CFP: 31st Novembertagung on the History and Philosophy of Mathematics
Submission deadline: July 1, 2020
November 26, 2020 - November 28, 2020
Research Training Group Philosophy, Science and the Sciences, Humboldt-Universität zu Berlin
31st Novembertagung on the History and Philosophy of Mathematics
“AXIOMATICS: ANCIENT AND CONTEMPORARY PERSPECTIVES”
November 26th–28th 2020
Humboldt-Universität zu Berlin, Germany
The Novembertagung is an international graduate conference on the history and philosophy of mathematics and neighbouring fields. It aims to provide an opportunity for graduate students at all levels to present and discuss their research in an informal and safe environment. It also allows young researchers to share experiences, get advice and establish new contacts.
Keynotes will be given by Juliette Kennedy (Helsinki), Dirk Schlimm (McGill), and Tinne Hoff Kjeldsen (Copenhagen).
On the theme: While Euclid (c. 3rd century BC) is usually celebrated as the beginning of axiomatic science, many features that are nowadays taken to be essential to axiomatics - such as the explicit statement of inference rules and the requirement of primitive, undefined notions - appear to be alien to ancient mathematics. A major contemporary change in the view on axiomatics was initiated by the adoption of the set-theoretic axiomatic framework as a foundation of mathematics in the first half of the 20th century. Proof theory and model theory subsequently developed as independent research fields and had a wide impact on philosophical thought. On the other hand, some philosophers also argue that the axiomatic view on mathematics may be harmful in that it omits fundamental aspects of mathematical practice and idealizes mathematical reasoning in an unfaithful way.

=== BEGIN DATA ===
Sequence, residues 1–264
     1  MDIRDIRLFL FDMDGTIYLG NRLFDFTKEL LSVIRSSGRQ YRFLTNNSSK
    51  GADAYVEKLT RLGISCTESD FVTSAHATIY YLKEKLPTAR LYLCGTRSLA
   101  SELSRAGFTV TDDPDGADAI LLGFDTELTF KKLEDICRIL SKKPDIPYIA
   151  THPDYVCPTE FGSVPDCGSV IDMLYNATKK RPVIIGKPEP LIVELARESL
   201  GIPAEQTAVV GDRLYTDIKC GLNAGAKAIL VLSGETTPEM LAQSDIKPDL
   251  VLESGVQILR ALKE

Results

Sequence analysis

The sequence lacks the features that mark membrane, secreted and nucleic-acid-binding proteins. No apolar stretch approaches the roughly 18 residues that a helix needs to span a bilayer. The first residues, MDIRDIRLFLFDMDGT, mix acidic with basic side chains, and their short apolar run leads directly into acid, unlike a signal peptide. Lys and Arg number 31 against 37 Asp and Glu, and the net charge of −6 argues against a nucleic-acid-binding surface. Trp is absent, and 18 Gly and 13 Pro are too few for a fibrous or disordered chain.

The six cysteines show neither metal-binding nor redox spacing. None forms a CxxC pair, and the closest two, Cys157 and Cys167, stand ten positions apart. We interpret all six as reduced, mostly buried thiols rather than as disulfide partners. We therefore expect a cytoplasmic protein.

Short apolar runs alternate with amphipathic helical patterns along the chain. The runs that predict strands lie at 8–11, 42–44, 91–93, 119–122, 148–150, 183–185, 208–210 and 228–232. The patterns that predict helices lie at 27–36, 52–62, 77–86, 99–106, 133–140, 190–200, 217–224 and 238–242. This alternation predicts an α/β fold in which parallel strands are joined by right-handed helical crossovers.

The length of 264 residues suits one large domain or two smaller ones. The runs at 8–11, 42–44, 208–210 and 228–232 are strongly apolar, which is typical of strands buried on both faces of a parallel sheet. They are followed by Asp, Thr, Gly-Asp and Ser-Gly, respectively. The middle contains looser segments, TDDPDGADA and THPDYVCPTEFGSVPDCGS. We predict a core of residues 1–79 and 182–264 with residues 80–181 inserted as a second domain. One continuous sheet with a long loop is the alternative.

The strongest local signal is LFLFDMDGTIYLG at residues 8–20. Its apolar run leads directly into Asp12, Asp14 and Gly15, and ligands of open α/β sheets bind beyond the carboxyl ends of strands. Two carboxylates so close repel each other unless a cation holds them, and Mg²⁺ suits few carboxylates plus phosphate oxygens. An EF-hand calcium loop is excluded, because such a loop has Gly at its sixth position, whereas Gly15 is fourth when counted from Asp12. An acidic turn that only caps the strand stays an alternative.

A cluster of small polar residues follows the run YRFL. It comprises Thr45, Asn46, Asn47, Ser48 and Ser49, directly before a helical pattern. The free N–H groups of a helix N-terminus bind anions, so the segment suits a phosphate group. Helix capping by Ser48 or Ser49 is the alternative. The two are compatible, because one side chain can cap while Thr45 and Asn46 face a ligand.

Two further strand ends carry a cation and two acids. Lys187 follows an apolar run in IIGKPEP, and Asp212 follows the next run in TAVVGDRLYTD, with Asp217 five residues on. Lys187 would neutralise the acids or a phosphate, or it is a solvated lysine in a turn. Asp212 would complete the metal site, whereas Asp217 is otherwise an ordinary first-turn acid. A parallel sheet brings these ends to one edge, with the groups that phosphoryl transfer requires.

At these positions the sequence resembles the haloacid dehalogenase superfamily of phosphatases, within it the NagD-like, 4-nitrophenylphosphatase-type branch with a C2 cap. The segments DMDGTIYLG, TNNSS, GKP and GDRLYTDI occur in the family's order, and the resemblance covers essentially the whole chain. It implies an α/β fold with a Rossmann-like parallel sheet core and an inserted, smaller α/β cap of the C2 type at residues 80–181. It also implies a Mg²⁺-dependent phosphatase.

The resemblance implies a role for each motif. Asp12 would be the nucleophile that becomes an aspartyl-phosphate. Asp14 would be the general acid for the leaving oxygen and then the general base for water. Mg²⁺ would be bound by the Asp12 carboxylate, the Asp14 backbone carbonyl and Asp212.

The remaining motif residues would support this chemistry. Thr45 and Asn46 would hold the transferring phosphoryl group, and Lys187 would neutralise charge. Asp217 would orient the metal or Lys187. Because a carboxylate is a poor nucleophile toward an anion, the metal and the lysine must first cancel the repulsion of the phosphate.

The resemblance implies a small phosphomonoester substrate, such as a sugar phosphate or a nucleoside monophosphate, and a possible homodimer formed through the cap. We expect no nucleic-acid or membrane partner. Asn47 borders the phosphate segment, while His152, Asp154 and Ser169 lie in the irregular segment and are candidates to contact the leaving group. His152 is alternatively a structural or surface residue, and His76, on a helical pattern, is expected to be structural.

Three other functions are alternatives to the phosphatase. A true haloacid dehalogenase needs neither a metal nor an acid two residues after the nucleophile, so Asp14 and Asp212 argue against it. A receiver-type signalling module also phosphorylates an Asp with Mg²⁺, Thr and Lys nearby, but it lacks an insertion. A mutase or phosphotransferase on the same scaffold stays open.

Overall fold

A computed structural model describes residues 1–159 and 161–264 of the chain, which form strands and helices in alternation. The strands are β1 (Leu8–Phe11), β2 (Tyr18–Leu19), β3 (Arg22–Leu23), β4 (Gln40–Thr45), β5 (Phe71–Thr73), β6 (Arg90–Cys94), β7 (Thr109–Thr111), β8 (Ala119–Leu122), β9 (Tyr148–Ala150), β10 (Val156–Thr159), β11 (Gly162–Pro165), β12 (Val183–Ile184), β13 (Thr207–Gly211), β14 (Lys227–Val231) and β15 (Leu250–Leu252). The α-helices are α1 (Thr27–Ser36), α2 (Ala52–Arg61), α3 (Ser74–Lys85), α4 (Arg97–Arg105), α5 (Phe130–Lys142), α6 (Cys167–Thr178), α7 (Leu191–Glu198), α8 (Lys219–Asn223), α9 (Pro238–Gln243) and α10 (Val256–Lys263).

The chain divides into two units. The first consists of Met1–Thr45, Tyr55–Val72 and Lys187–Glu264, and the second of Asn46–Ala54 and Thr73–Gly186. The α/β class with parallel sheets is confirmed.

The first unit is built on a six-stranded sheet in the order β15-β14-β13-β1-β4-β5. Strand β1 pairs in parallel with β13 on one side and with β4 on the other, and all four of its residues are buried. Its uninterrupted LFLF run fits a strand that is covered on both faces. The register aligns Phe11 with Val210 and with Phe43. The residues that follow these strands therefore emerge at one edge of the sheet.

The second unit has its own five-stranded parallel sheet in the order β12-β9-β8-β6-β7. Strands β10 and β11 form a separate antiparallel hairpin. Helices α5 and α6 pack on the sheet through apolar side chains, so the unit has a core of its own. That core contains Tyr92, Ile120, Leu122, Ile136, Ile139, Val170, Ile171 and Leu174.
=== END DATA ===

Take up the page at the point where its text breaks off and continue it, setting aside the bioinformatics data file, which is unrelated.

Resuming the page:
Suggested topics include, but are not restricted to the following:
- Axiomatics in ancient Greek philosophy and mathematics
- Pre-Euclidean axiomatics
- Criticism of ancient Greek mathematics from an axiomatic viewpoint
- Historical case studies of the development of axiomatics after Greek antiquity
- Axiomatics in contemporary mathematics
- The use of axiomatic tools in disciplines besides mathematics
- Axiomatics in actual mathematical practice
- The scope and limits of axiomatization
Note that the theme of axiomatics is meant to be a guideline and will not serve as an exclusionary factor for the selection of submissions.
Deadline for submission: 1st July, 2020. Abstracts should be submitted using our form: https://wp.me/P3q6kn-b5 (in English, around 250-350 words, prepared for blind review). Notifications will be sent out in August. Submissions by graduate student members of an underrepresented group in History of Mathematics or Philosophy of Mathematics are particularly encouraged.
Bursaries: For those who are unable to obtain funding for travel and accommodation from their home institutions, every effort will be made to cover travel and accommodation costs at least in part, if not fully. Please indicate in your application whether you intend to apply for such a grant. There is no conference registration fee.
Organization: Paul Hasselkuß (Universität Düsseldorf), Tiago Hirth (ULisboa), Deborah Kant (Universität Konstanz), Deniz Sarikaya (Universität Hamburg), Tobias Schütz (Universität Mainz), Anna Kiel Steensen (ETH Zurich), and Benjamin Wilck (Humboldt-Universität zu Berlin).
This event is hosted by the Research Training Group Philosophy, Science and the Sciences of Humboldt-Universität zu Berlin and generously supported by the Chair for Logic and Philosophy of Language of the Department of Philosophy of Humboldt-Universität zu Berlin, the GDR 3398 “Histoire des mathématiques”, the German Society for Philosophy of Science (GWP), the International Commission on the History of Mathematics (ICHM), the British Society for the History of Mathematics (BSHM), and the Ludus association.
Contact: For any query, do not hesitate to send us an e-mail at novembertagung2020 [at] gmail [dot] com. Further information can also be found on our website.
On Covid-19: We are monitoring the pandemic which might make it necessary to postpone the event or to opt for alternatives.